1. Go to

    Scroll down and click on "At the twilight's last gleaming."

    Read Cornelia Fort's article about her experience.

This article is  an example of how you should layout your own journal entry.

2. You have been assigned one of the women from the list below to reseach.  Click on your assigned link and read the story of the woman you have been assigned to research.

If you have been assigned to research:

Therese Bonney, Toni Frissell, Marvin Breckinridge Patterson, Clare Booth Luce, Janet Flanner, Esther Bubley, Dorothea Lange, or May Craig go to:

If you have been assigned to research:

Jackie Cochran, Nancy Harkness Love, or Cornelia Fort go to:


At this point, you should have an idea about who the woman you are researching is, what her role in WWII was, and what motivated her to become so active at a time when women were expected to be passive.  It is now your job to express her feelings, desires and concerns in a journal entry. 

Remember, you are to write as if you are the woman you have researched!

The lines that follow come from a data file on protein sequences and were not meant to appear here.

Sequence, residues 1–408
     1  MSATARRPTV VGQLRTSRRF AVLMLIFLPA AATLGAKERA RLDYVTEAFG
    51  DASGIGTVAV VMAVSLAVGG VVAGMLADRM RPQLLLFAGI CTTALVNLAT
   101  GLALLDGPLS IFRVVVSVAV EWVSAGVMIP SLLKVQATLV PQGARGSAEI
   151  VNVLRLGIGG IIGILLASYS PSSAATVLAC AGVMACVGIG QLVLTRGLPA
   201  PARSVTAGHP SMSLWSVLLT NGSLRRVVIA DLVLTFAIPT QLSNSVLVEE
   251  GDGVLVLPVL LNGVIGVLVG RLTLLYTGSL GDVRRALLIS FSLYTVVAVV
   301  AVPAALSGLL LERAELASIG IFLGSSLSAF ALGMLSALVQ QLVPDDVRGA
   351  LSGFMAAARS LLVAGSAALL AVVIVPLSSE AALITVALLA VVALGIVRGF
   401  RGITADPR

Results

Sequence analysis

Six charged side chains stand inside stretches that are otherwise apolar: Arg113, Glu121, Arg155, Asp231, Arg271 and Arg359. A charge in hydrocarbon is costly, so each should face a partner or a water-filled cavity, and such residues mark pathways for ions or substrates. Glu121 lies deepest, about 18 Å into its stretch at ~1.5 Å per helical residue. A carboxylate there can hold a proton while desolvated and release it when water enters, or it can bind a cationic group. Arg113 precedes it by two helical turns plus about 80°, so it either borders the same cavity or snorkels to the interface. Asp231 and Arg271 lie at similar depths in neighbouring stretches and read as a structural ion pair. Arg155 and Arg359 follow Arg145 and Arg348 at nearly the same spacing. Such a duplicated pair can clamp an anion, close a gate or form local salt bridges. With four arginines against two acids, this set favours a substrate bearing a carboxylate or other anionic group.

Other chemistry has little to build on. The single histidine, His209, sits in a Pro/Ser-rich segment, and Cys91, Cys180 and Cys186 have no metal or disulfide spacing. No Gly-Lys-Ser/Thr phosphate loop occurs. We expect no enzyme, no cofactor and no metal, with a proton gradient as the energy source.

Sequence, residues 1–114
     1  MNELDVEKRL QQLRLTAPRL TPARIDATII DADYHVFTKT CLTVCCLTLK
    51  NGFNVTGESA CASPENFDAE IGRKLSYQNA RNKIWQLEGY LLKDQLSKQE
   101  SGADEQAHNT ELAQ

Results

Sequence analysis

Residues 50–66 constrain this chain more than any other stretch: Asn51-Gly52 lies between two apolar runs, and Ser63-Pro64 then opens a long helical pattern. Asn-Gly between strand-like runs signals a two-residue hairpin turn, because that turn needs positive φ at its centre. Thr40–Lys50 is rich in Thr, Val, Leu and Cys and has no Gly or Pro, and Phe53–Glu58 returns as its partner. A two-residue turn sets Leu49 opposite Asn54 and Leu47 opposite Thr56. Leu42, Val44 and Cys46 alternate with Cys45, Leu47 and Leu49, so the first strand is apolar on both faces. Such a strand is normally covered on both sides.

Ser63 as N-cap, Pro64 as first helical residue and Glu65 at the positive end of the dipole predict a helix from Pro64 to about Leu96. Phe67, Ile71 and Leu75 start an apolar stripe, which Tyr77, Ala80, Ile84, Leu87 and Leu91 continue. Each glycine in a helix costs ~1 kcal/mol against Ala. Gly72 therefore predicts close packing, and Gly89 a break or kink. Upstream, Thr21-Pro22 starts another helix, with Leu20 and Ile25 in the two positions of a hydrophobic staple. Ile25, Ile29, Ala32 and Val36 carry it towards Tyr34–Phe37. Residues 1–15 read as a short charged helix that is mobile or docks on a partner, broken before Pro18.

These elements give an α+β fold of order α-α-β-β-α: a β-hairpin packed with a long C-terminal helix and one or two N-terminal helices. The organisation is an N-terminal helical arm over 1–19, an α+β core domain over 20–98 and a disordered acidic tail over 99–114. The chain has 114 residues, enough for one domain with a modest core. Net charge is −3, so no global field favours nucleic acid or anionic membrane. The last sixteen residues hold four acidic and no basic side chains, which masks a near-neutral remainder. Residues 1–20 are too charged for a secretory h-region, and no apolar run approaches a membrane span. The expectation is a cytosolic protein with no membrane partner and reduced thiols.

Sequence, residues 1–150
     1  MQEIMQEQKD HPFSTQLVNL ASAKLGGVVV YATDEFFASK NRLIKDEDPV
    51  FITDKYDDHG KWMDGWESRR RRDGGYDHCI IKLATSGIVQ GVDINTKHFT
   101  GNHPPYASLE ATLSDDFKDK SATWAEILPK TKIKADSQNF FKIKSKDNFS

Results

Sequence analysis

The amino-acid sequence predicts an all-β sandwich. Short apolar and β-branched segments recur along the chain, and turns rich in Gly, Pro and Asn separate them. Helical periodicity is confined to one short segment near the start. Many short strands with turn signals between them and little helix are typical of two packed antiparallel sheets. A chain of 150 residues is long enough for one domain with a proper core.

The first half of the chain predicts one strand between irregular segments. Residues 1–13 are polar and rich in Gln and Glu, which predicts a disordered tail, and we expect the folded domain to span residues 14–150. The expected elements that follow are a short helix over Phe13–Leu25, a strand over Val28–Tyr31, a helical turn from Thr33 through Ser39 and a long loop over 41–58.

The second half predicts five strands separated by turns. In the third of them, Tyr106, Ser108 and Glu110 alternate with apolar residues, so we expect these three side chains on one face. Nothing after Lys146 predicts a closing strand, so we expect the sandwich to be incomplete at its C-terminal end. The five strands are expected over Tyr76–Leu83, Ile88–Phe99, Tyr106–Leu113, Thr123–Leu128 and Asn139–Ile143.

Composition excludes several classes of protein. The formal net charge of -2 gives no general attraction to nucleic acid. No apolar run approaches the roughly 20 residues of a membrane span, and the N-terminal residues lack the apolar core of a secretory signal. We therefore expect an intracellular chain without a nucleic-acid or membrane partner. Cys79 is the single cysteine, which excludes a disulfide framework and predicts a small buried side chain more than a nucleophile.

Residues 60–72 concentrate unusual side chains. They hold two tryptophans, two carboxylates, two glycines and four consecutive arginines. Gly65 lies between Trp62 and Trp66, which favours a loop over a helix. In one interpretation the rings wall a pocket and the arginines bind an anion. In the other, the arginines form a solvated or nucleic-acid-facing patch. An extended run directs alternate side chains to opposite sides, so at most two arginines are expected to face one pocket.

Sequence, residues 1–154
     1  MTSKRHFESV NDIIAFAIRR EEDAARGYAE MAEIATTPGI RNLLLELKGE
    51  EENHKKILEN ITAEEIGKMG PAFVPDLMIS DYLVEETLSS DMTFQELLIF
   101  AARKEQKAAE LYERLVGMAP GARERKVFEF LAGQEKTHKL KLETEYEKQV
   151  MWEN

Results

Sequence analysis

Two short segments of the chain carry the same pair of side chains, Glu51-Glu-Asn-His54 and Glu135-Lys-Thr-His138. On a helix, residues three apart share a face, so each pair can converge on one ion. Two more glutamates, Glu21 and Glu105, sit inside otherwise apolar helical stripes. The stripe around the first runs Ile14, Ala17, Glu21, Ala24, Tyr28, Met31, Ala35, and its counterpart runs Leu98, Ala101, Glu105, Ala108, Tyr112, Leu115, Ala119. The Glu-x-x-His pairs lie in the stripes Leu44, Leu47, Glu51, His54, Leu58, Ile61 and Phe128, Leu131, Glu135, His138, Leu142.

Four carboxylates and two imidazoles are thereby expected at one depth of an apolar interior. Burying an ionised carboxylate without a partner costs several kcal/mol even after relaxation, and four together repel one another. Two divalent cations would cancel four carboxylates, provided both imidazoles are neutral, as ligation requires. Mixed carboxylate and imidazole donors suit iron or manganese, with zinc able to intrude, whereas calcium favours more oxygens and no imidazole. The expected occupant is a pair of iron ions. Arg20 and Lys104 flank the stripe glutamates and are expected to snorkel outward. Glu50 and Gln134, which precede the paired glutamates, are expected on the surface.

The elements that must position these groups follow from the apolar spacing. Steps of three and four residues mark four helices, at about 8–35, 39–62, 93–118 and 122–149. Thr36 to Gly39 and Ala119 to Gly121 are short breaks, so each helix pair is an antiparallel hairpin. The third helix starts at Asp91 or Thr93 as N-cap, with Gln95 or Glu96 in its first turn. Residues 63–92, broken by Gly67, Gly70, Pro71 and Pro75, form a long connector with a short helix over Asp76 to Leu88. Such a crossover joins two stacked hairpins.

Consider the following questions when writing:

-What contributions to the war and/or society did she make?

-Did she work in the United States or abroad?

-How did she feel about the war?

-What were her beliefs about women's roles in the workplace before and after the war?


You are now going to share your journal entry with another classmate who has written a journal entry from a different view point (for example, if you wrote about a woman who was on the frontline, you will be paired with a student who wrote about a woman who remained at home, in America). 

As a pair, you are to compare and contrast the experiences of the women you wrote for.

Consider the folowing questions in your discussion:

-What experiences, feelings and concerns did they have in common?

-What experiences, feelings and concerns did they have that differed?

-Did they have similar hopes for life after the war?

-Could these women have switched places, why or why not?